3. It is now a common regulatory requirement
Through internet security awareness training, organizations are required to equip their staff with knowledge about data security. Some of the laws, regulations and industry codes include HIPAA, FTC Red Flags Rule and PCI DSSamong others. While many SMEs don’t do any training to remain compliant, many conduct the training to avoid cyber-attacks.
These tips will help you implement a great training program:
Diversify your training methods. Have a mix of training techniques at your disposal including classrooms, videos, team discussions, newsletters, posters, etc.
Educate often. Conduct regular training in monthly, quarterly, or annual cycles.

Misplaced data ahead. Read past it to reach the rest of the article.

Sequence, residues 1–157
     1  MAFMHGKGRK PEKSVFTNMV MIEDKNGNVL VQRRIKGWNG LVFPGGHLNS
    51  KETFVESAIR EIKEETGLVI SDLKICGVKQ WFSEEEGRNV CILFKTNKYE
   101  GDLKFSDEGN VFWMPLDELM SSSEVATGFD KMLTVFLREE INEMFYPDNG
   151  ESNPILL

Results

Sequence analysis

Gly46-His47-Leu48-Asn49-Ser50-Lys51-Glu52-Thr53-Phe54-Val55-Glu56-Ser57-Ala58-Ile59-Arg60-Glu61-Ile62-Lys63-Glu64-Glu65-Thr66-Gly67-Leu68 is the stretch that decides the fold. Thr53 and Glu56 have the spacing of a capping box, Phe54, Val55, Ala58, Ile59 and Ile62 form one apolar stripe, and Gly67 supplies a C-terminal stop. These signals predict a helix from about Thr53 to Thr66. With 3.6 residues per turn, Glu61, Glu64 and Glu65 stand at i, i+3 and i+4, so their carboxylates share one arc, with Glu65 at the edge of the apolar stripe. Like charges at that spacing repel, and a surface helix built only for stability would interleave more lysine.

There’s no one size that fits all. Different members at different levels will start learning at equally different points.
Don’t ignore industry regulations.
Don’t be like the owner who delegates the role of data security to themselves because it’s “too important.” If you really want to be stress-free, train your employees well and promote a culture of information security.
The FBI recently noted a decline in ransomware attacks reported to the agency in 2017, at 1,783 compared to 2,673 the previous year. But don’t necessarily read this as good news. The reality is ransomware, like many other cyber-attack types, goes largely under-reported. A Verizon report, based on its analysis of tens of thousands of real-world security incidents, found that ransomware incidents have doubled over the past year.